Honeywell Avenue roast beef

This is usually a prime rib roast, good quality  beef cut canadian-american style, a cut with ribs (rostbef), corresponding to a pork lion roast (schab) in a smaller, non-kosher animal. I believe other cuts would work as well, as long as they are not too small, as small roasts tend to dry before they tastefully ripe in the oven. The meat may have a bit of a marble pattern (very fine fatty tissue) throughout the piece – it will be less dry when done.

The result in our house is a medium-rare or a medium done with all its consequences. The meat is never dry, never falling apart in your mouth – it is always juicy, and usually pink in the middle. The degree of pink is controlled by the length of roasting time. The longer you roast, the less pink the result – and the higher chance for tough slice on the plate.

Polish tradition calls for more of a pot-roast style, where the meat resides within its own juices for a long, looong time in the oven and comes out cooked through to extreme. It is then served with a rich, creamy gravy.

All a question of preferences. De gustibus et coloribus non est disputandum.

You need

  • Nice fresh piece of beef roast
  • Some crushed chilli peppers
  • Oil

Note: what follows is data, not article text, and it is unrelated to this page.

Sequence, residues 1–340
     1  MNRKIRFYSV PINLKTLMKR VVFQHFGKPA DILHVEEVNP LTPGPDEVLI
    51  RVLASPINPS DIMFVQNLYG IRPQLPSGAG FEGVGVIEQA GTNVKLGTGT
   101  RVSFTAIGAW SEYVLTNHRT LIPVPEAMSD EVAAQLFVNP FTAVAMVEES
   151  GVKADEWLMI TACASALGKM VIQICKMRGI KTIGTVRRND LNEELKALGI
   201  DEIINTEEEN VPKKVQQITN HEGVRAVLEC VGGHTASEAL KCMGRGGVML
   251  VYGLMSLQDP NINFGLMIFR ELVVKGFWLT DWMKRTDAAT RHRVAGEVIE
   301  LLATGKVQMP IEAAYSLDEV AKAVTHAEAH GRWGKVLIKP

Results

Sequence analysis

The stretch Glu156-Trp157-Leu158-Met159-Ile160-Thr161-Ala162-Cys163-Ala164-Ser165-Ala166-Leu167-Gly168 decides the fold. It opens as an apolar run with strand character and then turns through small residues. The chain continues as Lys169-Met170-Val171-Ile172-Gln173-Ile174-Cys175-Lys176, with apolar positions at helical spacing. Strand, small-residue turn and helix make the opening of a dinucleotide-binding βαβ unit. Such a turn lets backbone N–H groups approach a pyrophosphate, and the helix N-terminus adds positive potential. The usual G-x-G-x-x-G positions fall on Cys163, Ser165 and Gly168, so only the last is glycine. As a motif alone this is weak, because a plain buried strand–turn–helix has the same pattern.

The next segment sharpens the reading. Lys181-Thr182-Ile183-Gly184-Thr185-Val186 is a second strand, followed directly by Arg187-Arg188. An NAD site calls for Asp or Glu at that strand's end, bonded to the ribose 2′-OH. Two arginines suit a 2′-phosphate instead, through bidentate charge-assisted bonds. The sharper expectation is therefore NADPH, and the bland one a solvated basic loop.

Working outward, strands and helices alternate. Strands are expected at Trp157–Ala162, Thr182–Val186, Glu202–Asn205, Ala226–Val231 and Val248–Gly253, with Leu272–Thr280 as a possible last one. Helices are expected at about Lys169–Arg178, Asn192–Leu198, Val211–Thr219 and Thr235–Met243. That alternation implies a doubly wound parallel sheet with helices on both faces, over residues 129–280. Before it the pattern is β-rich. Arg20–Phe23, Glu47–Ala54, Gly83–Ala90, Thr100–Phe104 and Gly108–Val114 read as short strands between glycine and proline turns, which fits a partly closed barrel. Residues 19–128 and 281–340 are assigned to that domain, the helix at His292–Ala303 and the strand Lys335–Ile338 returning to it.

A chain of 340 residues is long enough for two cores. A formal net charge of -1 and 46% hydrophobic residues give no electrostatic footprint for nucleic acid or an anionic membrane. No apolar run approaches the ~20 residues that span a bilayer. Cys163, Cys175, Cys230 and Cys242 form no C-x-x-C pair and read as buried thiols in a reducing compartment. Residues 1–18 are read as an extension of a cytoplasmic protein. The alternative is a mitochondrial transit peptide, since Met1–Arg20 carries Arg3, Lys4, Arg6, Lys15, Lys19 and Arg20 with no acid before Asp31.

• Roasting pan with an elevated grilling sheet (so that the meat is never in contact with accumulating juice)
  1. Set the oven to 325F (165C)
  2. Pour some oil on your hand and smear it all over the meat
  3. Pour some chillies on your hand and smear them over the surface of the meat
  4. Sit the meat on the roasting grill, over the pan to collect the juice
  5. If you have and want one, insert a meat thermometer (not into a bone!!)
  6. Place the meat in the HOT oven and get busy doing other stuff

Your roast will be ready when the thermometer says so, or, for medium, some 20 minutes per pound (45 minutes per kilo) for rare, some 25 minutes per pound (55 minutes per kilo) for medium, and some 30 minutes per pound for well done.


When the meat is ready, take it out of the oven, cover with aluminum foil (or other large dish) and let it rest for good 15  or even 30 minutes. In the meantime you may prepare the gravy, steam the vegetable or just drink your cocktail.

Once the meat had rested, you want to slice and serve. It is practical to play a big slicing game at the table directly to the plates, as the meat sliced cools down very quickly. Consider serving with Yorkshire puddingroasted potatoes or horseradish potatoes.

I also usually serve some hot horseradish sauce in somewhat thicker form (less beef stock) or with the basic horseradish




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